Move Fast & Roll Your Own Crypto
Micah Lee, writing for The Intercept, in Zoom’s Encryption Is “Not Suited for Secrets” and Has Surprising Links To China, Researchers Discover:
“Some of the key management systems — 5 out of 73, in a Citizen Lab scan — seem to be located in China, with the rest in the United States. Interestingly, the Chinese servers are at least sometimes used for Zoom chats that have no nexus in China. ... The report points out that Zoom may be legally obligated to share encryption keys with Chinese authorities if the keys are generated on a key management server hosted in China.”
This just makes an adversary’s easy job even easier, though, thanks to the weak encryption scheme those keys facilitate:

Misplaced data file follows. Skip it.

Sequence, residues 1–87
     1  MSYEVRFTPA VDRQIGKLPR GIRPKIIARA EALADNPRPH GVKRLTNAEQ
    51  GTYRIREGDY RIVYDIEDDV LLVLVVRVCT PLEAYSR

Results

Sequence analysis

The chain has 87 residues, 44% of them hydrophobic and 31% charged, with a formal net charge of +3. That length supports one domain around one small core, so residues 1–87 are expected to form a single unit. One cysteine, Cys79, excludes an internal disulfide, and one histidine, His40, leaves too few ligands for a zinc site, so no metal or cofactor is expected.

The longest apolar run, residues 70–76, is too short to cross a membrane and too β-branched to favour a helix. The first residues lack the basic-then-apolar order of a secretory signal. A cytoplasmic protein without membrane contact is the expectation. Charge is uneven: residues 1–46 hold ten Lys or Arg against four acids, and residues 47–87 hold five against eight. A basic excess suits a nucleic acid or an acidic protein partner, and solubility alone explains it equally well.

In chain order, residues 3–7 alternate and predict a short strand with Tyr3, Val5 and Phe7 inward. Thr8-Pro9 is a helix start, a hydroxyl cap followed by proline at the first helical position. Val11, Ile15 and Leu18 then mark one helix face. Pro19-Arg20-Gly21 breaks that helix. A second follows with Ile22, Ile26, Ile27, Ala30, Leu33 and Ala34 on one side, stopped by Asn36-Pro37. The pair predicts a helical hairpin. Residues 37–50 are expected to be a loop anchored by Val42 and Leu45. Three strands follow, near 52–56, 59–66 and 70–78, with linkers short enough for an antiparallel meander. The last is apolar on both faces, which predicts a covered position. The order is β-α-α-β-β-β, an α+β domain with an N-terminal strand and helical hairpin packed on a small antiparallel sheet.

“A security white paper from the company claims that Zoom meetings are protected using 256-bit AES keys, but the Citizen Lab researchers confirmed the keys in use are actually only 128-bit ... Furthermore, Zoom encrypts and decrypts with AES using an algorithm called Electronic Codebook (ECB) mode, ‘which is well-understood to be a bad idea, because this mode of encryption preserves patterns in the input,’ according to the Citizen Lab researchers. In fact, ECB is considered the worst of AES’s available modes.”
Bill Marczak and John Scott-Railton’s study, Move Fast & Roll Your Own Crypto, goes into more detail, and concludes with this key takeaway: “As a result of these troubling security issues, we discourage the use of Zoom at this time for use cases that require strong privacy and confidentiality”. Unfortunately, though, most of Zoom’s competitors don’t do much better.